Barbara Kruger
Untitled (Let go), 2003
Chromogenic dye coupler print
152.4 × 228.6 cm
60 × 90 inches
Edition of 5

More views
Details
Barbara Kruger

Barbara Kruger
Untitled (Stripe 2), 2019
Digital print on vinyl
243.8 × 197.5 cm
96 × 77 3/4 inches

Barbara Kruger
Untitled (Stripe 2), 2019
Barbara Kruger

Barbara Kruger
Untitled (If you want a picture), 2017
Digital print on vinyl
274.3 × 170.2 × 5.1 cm
108 × 67 × 2 inches

Barbara Kruger
Untitled (If you want a picture), 2017
Barbara Kruger

Barbara Kruger
Untitled (Questions), 1990/2018
Monumental wall work
On view October 20, 2018–November 2020 at The Geffen Contemporary at MOCA
Photo: Elon Schoenholz

Barbara Kruger
Untitled (Questions), 1990/2018
Barbara Kruger
Barbara Kruger

Barbara Kruger
Untitled (Questions), 1990
Monumental wall work first presented at The Geffen Contemporary at MOCA in 1990

Barbara Kruger
Untitled (Questions), 1989 - 2018
Barbara Kruger
Barbara Kruger

Barbara Kruger
Untitled (Questions), 1990/2018 (detail)

Barbara Kruger
Untitled (Questions), 1990/2018
Barbara Kruger

Barbara Kruger
The Globe Shrinks, 2010
4-screen video installation
Dimensions variable
13 min loop

Barbara Kruger
The Globe Shrinks, 2010
Barbara Kruger

Barbara Kruger
Untitled (Blind idealism is…)
High Line, New York, 2016
Photo: Timothy Schenck. Courtesy of Friends of the High Line

Barbara Kruger
Untitled (Blind idealism is...), High Line, NY, 2016
Barbara Kruger
Barbara Kruger

Barbara Kruger
Untitled (Blind idealism is…), 2016 (detail)

Barbara Kruger
Untitled (Blind idealism is...), 2016
Barbara Kruger
Barbara Kruger

Barbara Kruger
Untitled (Blind idealism is…), 2016 (detail)

Barbara Kruger
Untitled (Blind idealism is...), 2016
Barbara Kruger

Barbara Kruger
Untitled (Too big to fail), 2012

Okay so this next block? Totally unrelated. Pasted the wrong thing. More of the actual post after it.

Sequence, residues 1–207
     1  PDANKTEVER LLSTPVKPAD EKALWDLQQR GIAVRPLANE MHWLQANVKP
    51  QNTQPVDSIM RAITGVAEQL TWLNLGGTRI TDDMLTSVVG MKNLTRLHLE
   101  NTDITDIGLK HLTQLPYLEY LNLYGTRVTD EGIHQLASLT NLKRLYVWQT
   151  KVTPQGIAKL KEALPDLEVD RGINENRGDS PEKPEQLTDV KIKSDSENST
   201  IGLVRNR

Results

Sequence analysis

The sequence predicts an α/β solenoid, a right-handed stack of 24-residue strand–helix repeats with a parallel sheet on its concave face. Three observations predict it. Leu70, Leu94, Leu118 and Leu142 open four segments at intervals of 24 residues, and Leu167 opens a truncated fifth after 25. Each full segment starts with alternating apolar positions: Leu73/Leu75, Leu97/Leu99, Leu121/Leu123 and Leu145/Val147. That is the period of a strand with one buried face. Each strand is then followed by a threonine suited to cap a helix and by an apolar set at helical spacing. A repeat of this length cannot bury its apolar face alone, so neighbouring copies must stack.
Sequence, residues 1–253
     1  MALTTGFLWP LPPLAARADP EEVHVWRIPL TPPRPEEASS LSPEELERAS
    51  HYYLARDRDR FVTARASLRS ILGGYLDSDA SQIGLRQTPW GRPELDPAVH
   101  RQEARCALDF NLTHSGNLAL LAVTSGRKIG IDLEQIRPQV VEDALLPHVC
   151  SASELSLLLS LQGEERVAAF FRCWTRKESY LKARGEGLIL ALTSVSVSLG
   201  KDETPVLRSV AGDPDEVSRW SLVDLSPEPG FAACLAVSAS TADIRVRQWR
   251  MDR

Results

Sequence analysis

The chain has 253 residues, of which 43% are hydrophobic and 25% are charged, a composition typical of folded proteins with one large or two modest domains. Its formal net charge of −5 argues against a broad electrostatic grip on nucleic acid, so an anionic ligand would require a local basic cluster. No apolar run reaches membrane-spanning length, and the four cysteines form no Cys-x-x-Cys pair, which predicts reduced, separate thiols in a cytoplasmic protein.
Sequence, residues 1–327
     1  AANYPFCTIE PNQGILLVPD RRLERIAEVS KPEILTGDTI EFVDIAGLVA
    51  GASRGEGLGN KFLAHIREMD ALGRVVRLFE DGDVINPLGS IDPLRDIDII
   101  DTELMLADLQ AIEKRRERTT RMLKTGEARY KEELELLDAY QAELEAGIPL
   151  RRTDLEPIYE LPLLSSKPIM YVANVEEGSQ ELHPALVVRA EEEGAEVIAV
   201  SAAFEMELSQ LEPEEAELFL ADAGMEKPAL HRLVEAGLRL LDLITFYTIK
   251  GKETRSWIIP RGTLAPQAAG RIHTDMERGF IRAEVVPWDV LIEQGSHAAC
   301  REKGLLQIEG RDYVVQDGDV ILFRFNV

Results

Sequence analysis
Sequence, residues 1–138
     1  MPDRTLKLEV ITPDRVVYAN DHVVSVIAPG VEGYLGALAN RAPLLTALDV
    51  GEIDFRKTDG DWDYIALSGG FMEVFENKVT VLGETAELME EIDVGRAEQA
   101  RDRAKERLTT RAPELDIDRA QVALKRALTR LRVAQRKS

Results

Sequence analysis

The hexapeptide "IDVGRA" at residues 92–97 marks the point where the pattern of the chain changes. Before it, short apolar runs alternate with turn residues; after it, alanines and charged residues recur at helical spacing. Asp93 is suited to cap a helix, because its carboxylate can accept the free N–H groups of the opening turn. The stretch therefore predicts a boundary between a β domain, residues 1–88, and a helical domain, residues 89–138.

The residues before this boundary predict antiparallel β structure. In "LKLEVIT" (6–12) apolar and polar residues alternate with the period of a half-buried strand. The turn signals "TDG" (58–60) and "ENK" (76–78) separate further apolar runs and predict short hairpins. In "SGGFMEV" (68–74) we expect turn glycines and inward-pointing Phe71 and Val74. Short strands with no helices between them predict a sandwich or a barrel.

Digital print on vinyl
274.3 × 274.3 × 6 cm
108 × 108 × 2 3/8 inches

Barbara Kruger
Untitled (Too big to fail), 2012
Barbara Kruger

Barbara Kruger
Untitled (Truth), 2013
Digital print on vinyl
178.6 × 292.1 cm
70 1/3 × 115 inches

Barbara Kruger
Untitled (Truth), 2013
Barbara Kruger

Barbara Kruger
Untitled (Shame it blame it), 2010
Digital print on vinyl
316 × 365 × 6 cm
124 3/8 × 143 3/4 × 2 3/8 inches

Barbara Kruger
Untitled (Shame it blame it), 2010
Barbara Kruger

Barbara Kruger
Untitled (Who owns what?), 1991/2012
Digital print on vinyl
292.1 × 279.4 cm
115 × 110 inches

Barbara Kruger
Untitled (Who owns what?), 1991/2012
Barbara Kruger

Barbara Kruger
Belief + Doubt, 2012
Print on vinyl
Installation at Hirshhorn Museum, Washington, D.C., since 2012

Barbara Kruger
Belief + Doubt, Hirshhorn Museum, Washington, 2012
Barbara Kruger
Barbara Kruger

Barbara Kruger
Belief + Doubt, 2012
Print on vinyl
Installation at Hirshhorn Museum, Washington, D.C., since 2012

Barbara Kruger
Belief + Doubt, 2012
Barbara Kruger

Barbara Kruger
Untitled (You, Me, We), 2003
Chromogenic print on archival paper
155 × 124 cm
61 × 48 7/8 inches

Barbara Kruger
Untitled (You, Me, We), 2003
Barbara Kruger

Barbara Kruger
Untitled (Now you see us / Now you don’t), 1987
Gelatin silver print on paper
116.2 × 137.2 cm
45 3/4 × 54 inches

Barbara Kruger
Untitled (Now you see us / Now you don’t), 1987
Barbara Kruger

Barbara Kruger
Untitled (We are all that heaven allows), 1984
Gelatin silver print on paper
186 × 120 cm
73 1/4 × 47 1/4 inches